There was also this guy called Stephen Heppell who talked about lots things he’d seen in technology over the world. One thing he mentioned was where classrooms were ‘shoes off’ (mainly in Scandinavian places) which hugely helped children’s learning and behaviour. Apparently it helps kids feel more like they’re at home and so are more relaxed and engaged. Worth a try sometime…?
He also talked about a thing Apple do called Challenged Based Learning. Worth a look too.
Anyway, that’ll do for now. Brain very buzzing!
Just got back from BETT so thought I would share some of my observations and thoughts.
- Insane numbers of new ‘Interactive Whiteboards’ were on offer. Some boasted the ability to interact on any projected surface, others were just enormous touchscreen LCD displays. Perhaps the ‘SMART’ stranglehold is loosening? Certainly the market seems ripe for disruption.
- Many stalls were running Macs, even if not particularly selling Apple products. Saw quite a few Keynote presentations running too…
- iPads seemed to be the prize of choice in competitions.
- Not a huge amount of software on sale but certainly lots of ‘cloud’ or web offerings.
- Multiple laptop/iPad trolleys/flight cases. Expensive though!
We also visited several demos of iPads and what you can do with them. There are lots of cool apps out there that I didn’t know about so will hopefully get to try them out soon. 1-1 deployment seems to be the holy grail, but many schools are settling for a class set that can be shared around a school. The demos were not always of the highest quality though; perhaps I’m spoilt by watching too many flawless Stevenote software demos?
Wireless access for iPads is an important consideration as well. Running a couple of devices from a cheap wifi point is one things, but 30 devices trying to access the network is a whole new ball game. It seems like it is very easy to spend £10k on doing the job properly! Needs more research…
I am interested what else I’ll learn at the Apple Education Summit tomorrow. It will certainly be fun to try things out!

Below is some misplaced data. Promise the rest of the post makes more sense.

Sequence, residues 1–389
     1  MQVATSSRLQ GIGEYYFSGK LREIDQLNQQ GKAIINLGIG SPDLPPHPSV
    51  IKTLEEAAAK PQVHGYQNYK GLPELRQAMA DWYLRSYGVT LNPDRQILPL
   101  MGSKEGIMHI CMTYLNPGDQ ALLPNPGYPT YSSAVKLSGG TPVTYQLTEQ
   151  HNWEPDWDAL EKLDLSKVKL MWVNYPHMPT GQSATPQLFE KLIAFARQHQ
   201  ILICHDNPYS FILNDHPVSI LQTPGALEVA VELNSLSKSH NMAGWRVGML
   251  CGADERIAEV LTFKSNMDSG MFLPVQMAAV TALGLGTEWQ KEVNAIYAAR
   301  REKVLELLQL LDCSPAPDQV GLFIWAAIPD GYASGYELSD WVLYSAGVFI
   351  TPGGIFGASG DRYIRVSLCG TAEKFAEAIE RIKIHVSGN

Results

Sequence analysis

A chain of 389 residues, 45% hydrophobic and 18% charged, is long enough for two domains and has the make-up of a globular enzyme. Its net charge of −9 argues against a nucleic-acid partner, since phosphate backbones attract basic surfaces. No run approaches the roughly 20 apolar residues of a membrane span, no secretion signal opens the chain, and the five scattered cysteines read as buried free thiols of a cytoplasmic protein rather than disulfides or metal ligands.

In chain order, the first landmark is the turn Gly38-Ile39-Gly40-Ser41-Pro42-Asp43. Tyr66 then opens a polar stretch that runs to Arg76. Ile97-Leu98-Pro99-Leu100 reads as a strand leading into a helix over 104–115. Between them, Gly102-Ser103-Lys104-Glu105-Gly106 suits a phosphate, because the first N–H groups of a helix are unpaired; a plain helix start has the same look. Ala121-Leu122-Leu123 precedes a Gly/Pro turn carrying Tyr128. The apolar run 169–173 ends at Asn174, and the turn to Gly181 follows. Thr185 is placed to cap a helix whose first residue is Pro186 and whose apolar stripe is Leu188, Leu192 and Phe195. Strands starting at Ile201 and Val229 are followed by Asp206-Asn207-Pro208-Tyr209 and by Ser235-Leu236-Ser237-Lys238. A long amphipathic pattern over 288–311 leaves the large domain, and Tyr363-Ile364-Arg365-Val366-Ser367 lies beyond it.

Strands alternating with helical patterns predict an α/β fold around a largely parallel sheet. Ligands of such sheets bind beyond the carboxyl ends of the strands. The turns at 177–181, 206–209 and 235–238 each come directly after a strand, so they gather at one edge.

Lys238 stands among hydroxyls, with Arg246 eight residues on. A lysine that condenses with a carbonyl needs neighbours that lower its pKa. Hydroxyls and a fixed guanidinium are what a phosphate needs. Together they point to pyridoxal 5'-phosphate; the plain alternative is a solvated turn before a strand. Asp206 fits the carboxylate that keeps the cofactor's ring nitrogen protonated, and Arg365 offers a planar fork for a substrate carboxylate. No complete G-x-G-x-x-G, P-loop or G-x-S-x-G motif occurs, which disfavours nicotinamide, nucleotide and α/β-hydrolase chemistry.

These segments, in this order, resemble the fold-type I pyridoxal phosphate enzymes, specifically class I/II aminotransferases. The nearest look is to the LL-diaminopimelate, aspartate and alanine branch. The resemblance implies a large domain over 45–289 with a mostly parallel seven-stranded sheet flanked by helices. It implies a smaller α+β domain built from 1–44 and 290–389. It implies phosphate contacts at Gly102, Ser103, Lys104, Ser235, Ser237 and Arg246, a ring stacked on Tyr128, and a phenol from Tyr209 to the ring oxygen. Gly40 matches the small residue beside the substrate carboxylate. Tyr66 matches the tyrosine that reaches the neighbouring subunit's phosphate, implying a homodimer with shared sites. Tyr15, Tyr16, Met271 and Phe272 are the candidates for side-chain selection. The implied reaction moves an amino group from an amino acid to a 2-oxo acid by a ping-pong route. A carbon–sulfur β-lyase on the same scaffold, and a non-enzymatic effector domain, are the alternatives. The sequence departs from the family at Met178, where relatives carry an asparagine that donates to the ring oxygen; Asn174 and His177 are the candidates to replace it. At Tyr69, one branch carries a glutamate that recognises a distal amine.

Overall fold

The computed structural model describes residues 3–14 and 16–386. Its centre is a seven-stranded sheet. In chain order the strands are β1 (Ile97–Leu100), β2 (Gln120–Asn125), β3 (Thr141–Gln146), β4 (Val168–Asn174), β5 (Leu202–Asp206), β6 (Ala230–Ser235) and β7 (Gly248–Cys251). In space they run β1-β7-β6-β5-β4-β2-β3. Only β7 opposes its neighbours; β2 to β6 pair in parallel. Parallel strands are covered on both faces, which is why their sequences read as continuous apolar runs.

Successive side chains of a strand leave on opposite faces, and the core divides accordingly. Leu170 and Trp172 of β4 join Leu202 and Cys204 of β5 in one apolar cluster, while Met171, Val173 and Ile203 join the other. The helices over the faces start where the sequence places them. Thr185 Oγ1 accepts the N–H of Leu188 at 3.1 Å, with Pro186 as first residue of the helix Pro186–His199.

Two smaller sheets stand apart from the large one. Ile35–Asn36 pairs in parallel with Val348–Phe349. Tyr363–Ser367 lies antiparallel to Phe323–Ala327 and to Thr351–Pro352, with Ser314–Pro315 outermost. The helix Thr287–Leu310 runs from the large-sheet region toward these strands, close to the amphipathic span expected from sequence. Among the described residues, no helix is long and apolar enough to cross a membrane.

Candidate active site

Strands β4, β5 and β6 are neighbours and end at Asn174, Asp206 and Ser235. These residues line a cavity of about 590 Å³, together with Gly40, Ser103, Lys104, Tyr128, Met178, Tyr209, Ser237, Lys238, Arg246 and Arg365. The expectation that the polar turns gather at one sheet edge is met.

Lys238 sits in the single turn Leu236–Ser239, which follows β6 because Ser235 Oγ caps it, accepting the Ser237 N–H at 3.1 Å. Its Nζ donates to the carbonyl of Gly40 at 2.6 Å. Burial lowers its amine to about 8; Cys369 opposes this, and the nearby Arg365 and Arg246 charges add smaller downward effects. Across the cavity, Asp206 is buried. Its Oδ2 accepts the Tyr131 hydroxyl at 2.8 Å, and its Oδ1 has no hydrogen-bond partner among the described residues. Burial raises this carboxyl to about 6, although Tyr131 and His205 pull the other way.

Well, I’m currently on the train on the way to BETT. I’m not really sure what to expect, but it should be an informative and enjoyable day. I’ll post some thoughts later.
Here’s what I’m particularly interested in:
- Ways of deploying and using iPads
- What 2Simple have got to say about their shocking lack of support for native Mac apps
- Any Windows 8 news
- If anyone is talking about ICT assessment
- More interesting ways of using a VLE. Fronter is still very underused in our school – are there better ways or platforms out there?
I’ll keep you posted (hurrah for WordPress’ iOS app!
Today I made the happy discovery that even our aged 580 series Smartboards work with Lion. Yay! Our school has been gradually buying Smartboards over the last decade, which means some classrooms have some very antique models (with serial to USB cables and the old-style round erasers. I once rang Smart’s UK technical support about one of these boards and they were in complete shock that they still worked at all…). I was not looking forward to paying thousands to replace them when we either bought new Lion Macs or upgraded from Snow Leopard.
Smart still claim that OSX 10.7 isn’t officially supported by their Notebook software, but they have released a patch that fixes things up well enough.